"I have some magnificent relics of her ladyship in this box," returned Mr. Brown.

"Really! then she was no less generous than yourself, I presume?"

"Yes, her ladyship was remarkably generous. About a week before she died (the late Lady Waddilove was quite sensible of her danger), she called me to her,--'Brown,' said she, 'you are a good creature; I have had my most valuable things from you. I am not ungrateful: I will leave you--my maid! She is as clever as you are and as good.' I took the hint, sir, and married. It was an excellent bargain. My wife is a charming woman; she entirely fitted up Mrs. Minden's wardrobe and I furnished the house. Mrs. Minden was greatly indebted to us."

"Heaven help me!" thought Clarence, "the man is certainly mad."

The waiter entered with the dinner; and Mr. Brown, who seemed to have a delicate aversion to any conversation in the presence of the Ganymede of the Holborn tavern, immediately ceased his communications; meanwhile, Clarence took the opportunity to survey him more minutely than he had hitherto done.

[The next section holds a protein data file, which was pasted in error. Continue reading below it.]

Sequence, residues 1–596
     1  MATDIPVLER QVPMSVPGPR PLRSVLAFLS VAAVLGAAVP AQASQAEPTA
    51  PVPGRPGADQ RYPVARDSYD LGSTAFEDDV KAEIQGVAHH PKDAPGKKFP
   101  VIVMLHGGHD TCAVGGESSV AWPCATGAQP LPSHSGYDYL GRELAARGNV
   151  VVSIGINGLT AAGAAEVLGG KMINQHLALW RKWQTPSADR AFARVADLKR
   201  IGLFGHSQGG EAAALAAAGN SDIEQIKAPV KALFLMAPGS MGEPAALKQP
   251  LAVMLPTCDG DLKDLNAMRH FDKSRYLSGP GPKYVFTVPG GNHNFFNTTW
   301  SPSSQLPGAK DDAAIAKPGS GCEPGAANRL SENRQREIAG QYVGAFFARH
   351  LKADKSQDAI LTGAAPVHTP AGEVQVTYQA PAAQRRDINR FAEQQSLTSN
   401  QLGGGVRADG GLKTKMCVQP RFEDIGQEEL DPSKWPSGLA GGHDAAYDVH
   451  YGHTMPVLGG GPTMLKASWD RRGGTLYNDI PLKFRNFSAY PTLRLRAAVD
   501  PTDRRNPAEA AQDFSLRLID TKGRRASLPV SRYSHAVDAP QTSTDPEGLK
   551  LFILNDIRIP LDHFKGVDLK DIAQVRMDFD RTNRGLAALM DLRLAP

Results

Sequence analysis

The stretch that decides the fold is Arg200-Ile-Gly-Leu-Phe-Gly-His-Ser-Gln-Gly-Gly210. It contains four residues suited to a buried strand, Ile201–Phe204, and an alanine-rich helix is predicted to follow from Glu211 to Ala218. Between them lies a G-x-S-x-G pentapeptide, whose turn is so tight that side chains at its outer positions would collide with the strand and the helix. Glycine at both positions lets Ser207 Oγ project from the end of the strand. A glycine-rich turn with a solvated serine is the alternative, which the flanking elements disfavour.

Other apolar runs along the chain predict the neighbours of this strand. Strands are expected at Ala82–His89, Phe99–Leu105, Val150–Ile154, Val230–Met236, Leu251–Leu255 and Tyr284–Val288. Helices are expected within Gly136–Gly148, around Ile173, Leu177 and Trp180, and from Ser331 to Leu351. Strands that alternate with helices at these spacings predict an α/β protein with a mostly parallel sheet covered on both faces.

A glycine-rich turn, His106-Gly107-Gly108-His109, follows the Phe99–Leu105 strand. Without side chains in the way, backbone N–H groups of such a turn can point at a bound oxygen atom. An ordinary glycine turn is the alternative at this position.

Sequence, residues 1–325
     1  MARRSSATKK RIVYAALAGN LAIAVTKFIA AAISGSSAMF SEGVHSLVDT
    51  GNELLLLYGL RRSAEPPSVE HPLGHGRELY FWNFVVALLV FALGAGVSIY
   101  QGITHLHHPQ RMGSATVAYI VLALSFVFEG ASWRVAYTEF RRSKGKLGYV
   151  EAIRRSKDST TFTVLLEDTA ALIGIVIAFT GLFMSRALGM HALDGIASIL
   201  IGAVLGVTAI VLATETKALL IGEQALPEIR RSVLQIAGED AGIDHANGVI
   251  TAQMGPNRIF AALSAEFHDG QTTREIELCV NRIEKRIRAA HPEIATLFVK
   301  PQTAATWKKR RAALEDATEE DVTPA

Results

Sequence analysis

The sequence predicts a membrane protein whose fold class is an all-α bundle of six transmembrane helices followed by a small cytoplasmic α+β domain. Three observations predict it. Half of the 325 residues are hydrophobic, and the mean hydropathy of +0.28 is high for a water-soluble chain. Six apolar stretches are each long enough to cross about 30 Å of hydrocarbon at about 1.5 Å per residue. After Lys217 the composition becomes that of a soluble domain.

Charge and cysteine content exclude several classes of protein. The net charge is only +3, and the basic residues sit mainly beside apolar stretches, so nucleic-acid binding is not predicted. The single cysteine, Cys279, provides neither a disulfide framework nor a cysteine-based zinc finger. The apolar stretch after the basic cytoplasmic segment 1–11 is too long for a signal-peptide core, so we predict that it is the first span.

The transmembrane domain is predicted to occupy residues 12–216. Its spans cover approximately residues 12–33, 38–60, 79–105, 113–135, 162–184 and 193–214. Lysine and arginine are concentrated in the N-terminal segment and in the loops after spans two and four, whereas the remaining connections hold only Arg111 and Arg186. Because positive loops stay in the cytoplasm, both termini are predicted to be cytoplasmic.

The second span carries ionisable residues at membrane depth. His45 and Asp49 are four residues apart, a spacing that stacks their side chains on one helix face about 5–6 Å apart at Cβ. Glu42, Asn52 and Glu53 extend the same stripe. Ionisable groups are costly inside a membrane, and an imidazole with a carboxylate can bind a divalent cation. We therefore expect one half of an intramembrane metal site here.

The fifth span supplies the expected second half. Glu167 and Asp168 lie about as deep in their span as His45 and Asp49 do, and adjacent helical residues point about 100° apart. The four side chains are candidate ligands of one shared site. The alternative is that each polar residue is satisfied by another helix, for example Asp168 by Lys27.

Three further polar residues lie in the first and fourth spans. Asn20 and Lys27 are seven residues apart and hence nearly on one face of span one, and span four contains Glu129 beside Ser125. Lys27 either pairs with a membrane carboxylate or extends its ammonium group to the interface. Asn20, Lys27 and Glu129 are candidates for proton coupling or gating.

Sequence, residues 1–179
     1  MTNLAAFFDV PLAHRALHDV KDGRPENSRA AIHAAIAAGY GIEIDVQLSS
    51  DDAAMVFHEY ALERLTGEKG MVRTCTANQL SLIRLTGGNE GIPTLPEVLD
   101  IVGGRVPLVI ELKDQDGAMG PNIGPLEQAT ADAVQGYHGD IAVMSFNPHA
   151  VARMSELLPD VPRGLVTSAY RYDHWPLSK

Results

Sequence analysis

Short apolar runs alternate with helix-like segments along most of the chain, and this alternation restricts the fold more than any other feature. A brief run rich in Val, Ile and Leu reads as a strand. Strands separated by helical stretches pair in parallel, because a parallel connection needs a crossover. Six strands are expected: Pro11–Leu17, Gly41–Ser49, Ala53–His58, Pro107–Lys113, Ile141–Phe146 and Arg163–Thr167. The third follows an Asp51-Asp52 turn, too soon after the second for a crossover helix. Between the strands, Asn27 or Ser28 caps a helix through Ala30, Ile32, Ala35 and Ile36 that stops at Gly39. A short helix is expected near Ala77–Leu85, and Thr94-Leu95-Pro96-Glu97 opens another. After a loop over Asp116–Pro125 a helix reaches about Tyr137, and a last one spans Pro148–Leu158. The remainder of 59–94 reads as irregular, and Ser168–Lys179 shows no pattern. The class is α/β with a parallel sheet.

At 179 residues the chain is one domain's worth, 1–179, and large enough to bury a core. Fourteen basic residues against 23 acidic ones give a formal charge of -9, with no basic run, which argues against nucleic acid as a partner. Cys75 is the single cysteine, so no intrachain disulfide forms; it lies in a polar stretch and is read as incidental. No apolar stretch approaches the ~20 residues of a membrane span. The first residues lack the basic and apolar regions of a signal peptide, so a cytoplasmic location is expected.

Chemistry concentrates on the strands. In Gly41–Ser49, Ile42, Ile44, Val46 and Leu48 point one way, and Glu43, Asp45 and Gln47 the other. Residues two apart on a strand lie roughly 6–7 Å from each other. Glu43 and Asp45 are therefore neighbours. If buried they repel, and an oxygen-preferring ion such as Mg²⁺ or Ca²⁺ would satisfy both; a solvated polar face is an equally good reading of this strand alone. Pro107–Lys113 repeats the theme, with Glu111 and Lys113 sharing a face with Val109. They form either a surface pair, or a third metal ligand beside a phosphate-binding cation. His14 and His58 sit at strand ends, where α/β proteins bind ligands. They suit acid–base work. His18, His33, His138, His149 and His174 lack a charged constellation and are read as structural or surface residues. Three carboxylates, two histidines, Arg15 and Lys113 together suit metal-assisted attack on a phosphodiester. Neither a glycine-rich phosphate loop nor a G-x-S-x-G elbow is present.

His new acquaintance was in age about forty-eight; in stature, rather under the middle height; and thin, dried, withered, yet muscular withal, like a man who, in stinting his stomach for the sake of economy, does not the less enjoy the power of undergoing any fatigue or exertion that an object of adequate importance may demand. We have said already that he was attired, like twilight, "in a suit of sober brown;" and there was a formality, a precision, and a cat-like sort of cleanliness in his garb, which savoured strongly of the respectable coxcombry of the counting-house. His face was lean, it is true, but not emaciated; and his complexion, sallow and adust, harmonized well with the colours of his clothing. An eye of the darkest hazel, sharp, shrewd, and flashing at times, especially at the mention of the euphonious name of Lady Waddilove,--a name frequently upon the lips of the inheritor of her abigail,--with a fire that might be called brilliant, was of that modest species which can seldom encounter the straightforward glance of another; on the contrary, it seemed restlessly uneasy in any settled place, and wandered from ceiling to floor, and corner to corner, with an inquisitive though apparently careless glance, as if seeking for something to admire or haply to appropriate; it also seemed to be the especial care of Mr. Brown to veil, as far as he was able, the vivacity of his looks beneath an expression of open and unheeding good-nature, an expression strangely enough contrasting with the closeness and sagacity which Nature had indelibly stamped upon features pointed, aquiline, and impressed with a strong mixture of the Judaical physiognomy. The manner and bearing of this gentleman partook of the same undecided character as his countenance: they seemed to be struggling between civility and importance; a real eagerness to make the acquaintance of the person he addressed, and an assumed recklessness of the advantages which that acquaintance could bestow;--it was like the behaviour of a man who is desirous of having the best possible motives imputed to him, but is fearful lest that desire should not be utterly fulfilled. At the first glance you would have pledged yourself for his respectability; at the second, you would have half suspected him to be a rogue; and, after you had been half an hour in his company, you would confess yourself in the obscurest doubt which was the better guess, the first or the last.